'I had a conversation with Grant Mansfield, who was head of (ITV) docs and features,' says RDF director of programmes Stephen Lambert - executive producer of Dynasties.
'He said he thought ITV would be interested in a biography series that was popular but not as straight-forward as biographies of individuals.'
Hence the idea for Dynasties, a series of 50-minute famous family biographies scheduled to fill the relatively up-market slot vacated by News at Ten - a programming and scheduling first for ITV.
So no doubt plenty of thought went into the subject matter? Not exactly.
It was more a case of the Getty, Gucci and Kennedy families will do for a start, let's get the proposal in.
Producer/director Mark Rubins admits: 'ITV commissioned the entire series pretty much on the back of one side of A4. Everyone at RDF was actually quite surprised when the commission came through. It wasn't as if anyone had secured interviews with two Gettys, three Kennedys and a Gucci.'
Mansfield greenlit the project in October 1998 when work began on securing two Gettys, three Kennedys and a Gucci.
'I was keen to interview only people who had first-hand knowledge of the family,' says Rubin. Interviewees included the imprisoned Gucci wife who ordered the assassination of her husband and the Mafia lawyer who organised the meeting between Joseph Kennedy and Mafia boss Sam Giancana, to negotiate the Kennedy sons' path to political power.
Some interviewees were harder to get than others.
Rosabella Burch, one of the J Paul Getty 'harem' ensconced at the billionaire's Sutton mansion until his death, was the most tricky. 'Rather than money for her interview,' says Rubin, 'the condition was that we had to give her son, who's a sort of drop-out, a job, so we had to concoct some spurious half-promise that we'd consider him for a researcher role.' They're still considering.
The key to any modern history programme, besides interviews, is, of course, archive. With relatively little Getty archive material available film/archive researcher James Smith found an Alan Whicker documentary from the early 1960s to be a crucial source. However, Whicker's permission is still needed to use any of his material. 'He's established his moral right,' says Smith, 'but he was fine as long as he got some money.'
The Getty film also features some dramatic reconstructions of key events, such as the kidnapping of Getty's grandson in Rome.
'There was less archive in the Getty film so there's more of that impressionistic reconstruction,' says Lambert. 'It's the kind of reconstruction that gives a flavour of what it was like, rather than historical drama-type reconstructions.'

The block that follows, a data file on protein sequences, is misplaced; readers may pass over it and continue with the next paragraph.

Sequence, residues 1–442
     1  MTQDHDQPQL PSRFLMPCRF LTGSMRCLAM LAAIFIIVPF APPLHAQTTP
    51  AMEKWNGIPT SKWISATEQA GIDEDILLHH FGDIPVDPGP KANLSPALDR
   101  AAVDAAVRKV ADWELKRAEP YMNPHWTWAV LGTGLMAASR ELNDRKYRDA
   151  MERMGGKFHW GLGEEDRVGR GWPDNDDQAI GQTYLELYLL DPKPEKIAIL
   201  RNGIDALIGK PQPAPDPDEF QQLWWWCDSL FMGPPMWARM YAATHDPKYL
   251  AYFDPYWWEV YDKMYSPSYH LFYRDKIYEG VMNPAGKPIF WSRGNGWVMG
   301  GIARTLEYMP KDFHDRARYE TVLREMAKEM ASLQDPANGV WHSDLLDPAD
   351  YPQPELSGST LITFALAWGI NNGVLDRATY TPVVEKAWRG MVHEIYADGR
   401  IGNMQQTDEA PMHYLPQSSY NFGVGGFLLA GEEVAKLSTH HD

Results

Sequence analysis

While there was a dearth of Getty material available there was an absolute deluge of Kennedy archives. 'You could almost say any date from the late 1950s to the 1960s and there's going to be a Kennedy story,' says Smith.
With around 30 minutes of archive in the Kennedy film, keeping the show within budget became difficult. 'The idea was to have about 20 minutes of archive material per programme,' reveals Smith, 'and we were going to pay market rates for about 15 minutes and another five minutes would be public domain or family archives, which we would get for a preferential rate or free. We had about£10-11,000 per programme for archive but it wasn't by any means what we had at the finish.'
If Dynasties is a success, RDF is hoping for a second series with a bigger budget. And this time there should be time to get some co-production money on board. But this wasn't easy first time around, as Lambert explains.
'The budget was about£150,000 (per show), which was quite tight,' he says. 'We hoped to get co-production money but the timetable that ITV wanted us to work to meant we couldn't. We didn't have all the contributors signed sealed and waiting and therefore we weren't able to go to co-producers.'
So what's different about ITV's first foray into the Reputations/Secret History style biography compared with the way C4 or BBC 2 tackle the genre? 'I kept saying "just think about people you know who watch ITV - your grandmother or your friends",' explains Lambert.
'Just think in that ITV big audience way when you're filming it and cutting it. Think all the time whether this is going to interest them.'
PRODUCTION CREDITSExecutive producer: Stephen Lambert. Producer/director: Mark Rubins. Assistant producer: Claire Seeber. Editor: Jason Savage. Camera: Joe Taylor. Film/archive research: Jim Smith, Matt Ralf. Production manager: Emily Freshwater. Music: The Fratelli Brothers. Titles: Skaramoosh.
TX IS EDITED BY DAVID WOOD (020 7505 8042).